Russia-US nuclear deal in jeopardy
A major nuclear arms reduction deal between the US and Russia seems to be in danger of collapse after an influential Republican senator said it should not be voted on this year.
Jon Kyl's remarks were a major setback to President Barack Obama's efforts to improve ties with Russia and to his broader strategy for reducing nuclear arms worldwide. The treaty, known as New START, had been seen as one of Mr Obama's top foreign policy accomplishments.
Without the support of Mr Kyl, the leading Republican voice on the treaty, Democrats have little hope of securing at least eight Republican votes - the minimum they would need for ratification in the current Senate.
Mr Kyl's position, unless reversed, will delay the vote until the newly elected Senate, with an expanded Republican minority, has been sworn in in January. Democrats would then need the support of at least 14 Republicans.
The White House has been trying to avoid that fate, knowing that ratification could slip out of reach in the face of opposition to the treaty from most Republicans and an increasingly partisan political environment in Washington.
Following the setback, vice president Joe Biden warned that failure to approve the treaty this year would endanger national security. He pointed out that the treaty would renew US authority that expired last year to inspect Russia's nuclear arsenal.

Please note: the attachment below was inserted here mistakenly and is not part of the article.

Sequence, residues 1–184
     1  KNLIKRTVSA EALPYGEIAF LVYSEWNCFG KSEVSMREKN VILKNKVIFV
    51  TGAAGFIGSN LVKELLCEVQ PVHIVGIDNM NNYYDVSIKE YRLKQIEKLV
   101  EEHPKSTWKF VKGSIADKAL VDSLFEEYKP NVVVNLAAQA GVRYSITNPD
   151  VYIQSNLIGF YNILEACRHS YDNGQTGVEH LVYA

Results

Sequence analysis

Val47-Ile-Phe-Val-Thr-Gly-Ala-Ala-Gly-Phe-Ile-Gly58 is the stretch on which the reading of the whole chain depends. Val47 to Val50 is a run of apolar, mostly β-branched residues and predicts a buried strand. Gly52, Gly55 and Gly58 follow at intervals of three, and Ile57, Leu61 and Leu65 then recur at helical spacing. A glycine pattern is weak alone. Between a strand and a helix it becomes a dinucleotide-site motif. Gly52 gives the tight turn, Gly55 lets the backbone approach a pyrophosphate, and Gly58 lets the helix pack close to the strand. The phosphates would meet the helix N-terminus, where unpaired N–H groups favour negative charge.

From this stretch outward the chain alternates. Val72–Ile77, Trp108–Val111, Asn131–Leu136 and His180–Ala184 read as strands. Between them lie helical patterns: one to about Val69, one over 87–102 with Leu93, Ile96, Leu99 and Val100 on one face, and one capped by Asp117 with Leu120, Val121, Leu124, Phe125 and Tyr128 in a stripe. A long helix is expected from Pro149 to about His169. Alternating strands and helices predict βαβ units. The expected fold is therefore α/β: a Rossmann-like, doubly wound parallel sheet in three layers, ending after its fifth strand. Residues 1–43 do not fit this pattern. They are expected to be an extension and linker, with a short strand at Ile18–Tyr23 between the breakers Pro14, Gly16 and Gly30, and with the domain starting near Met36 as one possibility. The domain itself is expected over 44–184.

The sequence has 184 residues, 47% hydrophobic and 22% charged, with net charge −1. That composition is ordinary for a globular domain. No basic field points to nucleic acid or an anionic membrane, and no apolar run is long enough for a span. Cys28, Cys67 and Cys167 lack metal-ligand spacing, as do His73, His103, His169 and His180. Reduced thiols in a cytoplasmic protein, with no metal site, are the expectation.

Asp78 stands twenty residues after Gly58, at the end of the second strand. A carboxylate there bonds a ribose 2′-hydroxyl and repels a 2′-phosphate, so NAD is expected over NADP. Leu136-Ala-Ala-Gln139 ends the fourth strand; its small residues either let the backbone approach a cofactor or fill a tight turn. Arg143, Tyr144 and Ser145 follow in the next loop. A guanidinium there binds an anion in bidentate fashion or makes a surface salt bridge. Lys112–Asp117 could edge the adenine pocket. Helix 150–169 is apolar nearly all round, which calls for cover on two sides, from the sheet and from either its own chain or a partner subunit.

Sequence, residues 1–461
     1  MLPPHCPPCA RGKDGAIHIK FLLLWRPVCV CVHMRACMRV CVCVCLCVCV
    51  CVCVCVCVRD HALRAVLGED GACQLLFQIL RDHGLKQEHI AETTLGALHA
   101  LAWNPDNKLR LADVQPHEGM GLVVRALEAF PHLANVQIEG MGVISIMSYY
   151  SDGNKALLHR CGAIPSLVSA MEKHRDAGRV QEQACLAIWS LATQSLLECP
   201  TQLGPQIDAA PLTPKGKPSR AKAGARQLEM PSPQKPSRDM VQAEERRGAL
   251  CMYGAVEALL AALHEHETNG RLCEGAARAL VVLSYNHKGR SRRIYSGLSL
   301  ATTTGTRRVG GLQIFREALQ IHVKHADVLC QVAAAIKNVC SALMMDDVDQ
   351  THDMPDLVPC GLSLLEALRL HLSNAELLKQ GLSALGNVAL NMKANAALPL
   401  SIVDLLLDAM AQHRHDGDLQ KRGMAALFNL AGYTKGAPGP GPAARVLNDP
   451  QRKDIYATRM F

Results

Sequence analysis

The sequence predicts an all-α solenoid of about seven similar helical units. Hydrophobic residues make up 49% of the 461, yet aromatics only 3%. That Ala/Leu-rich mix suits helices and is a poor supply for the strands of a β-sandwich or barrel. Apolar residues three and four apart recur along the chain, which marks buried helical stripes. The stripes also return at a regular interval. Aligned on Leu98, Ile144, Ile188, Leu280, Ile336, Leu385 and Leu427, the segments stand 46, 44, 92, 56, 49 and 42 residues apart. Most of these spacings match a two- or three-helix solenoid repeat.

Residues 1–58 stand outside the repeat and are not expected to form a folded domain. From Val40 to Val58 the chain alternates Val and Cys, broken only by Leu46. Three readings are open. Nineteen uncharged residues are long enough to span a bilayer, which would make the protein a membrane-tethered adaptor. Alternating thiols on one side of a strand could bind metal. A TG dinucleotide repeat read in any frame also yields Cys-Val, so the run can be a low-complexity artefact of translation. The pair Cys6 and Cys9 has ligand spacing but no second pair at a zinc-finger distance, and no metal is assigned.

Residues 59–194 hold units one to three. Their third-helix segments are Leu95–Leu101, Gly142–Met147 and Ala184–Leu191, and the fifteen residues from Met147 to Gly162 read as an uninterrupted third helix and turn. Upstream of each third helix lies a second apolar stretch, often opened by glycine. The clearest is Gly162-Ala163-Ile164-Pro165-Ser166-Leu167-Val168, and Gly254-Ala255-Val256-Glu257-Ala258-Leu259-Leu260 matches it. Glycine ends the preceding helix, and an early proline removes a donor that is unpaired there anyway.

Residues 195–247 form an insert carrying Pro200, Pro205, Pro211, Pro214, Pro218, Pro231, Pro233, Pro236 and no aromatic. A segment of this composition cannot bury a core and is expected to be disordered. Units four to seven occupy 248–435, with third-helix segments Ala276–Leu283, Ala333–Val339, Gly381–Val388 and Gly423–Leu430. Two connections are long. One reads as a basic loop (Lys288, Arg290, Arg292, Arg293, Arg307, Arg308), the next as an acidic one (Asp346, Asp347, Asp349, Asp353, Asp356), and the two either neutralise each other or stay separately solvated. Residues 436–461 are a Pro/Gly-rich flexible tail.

Chairman of the Senate Foreign Relations Committee, Democrat John Kerry, said he had discussed the issue with Mr Kyl and believed the door was still open to a vote before the end of the year. "Ratifying New START is not a political choice, it's a national security imperative," he said.
Mr Kyl's statement, however, appeared to leave little room to resolve the issue quickly. He said he told Senate Majority Leader Harry Reid that he did not believe the treaty could be considered this year.
The treaty would reduce US and Russian limits on strategic warheads to 1,550 for each country from the current ceiling of 2,200. Republicans have argued that the treaty would limit US missile defense options and does not provide adequate procedures to verify that Russia is living up to its terms.
Mr Kyl has argued that it makes no sense to reduce the number of US warheads until more is done to maintain and modernise the remaining arsenal. Last week the administration sought to satisfy Mr Kyl's conditions for supporting the treaty with a proposal to boost funding significantly for the US nuclear weapons complex.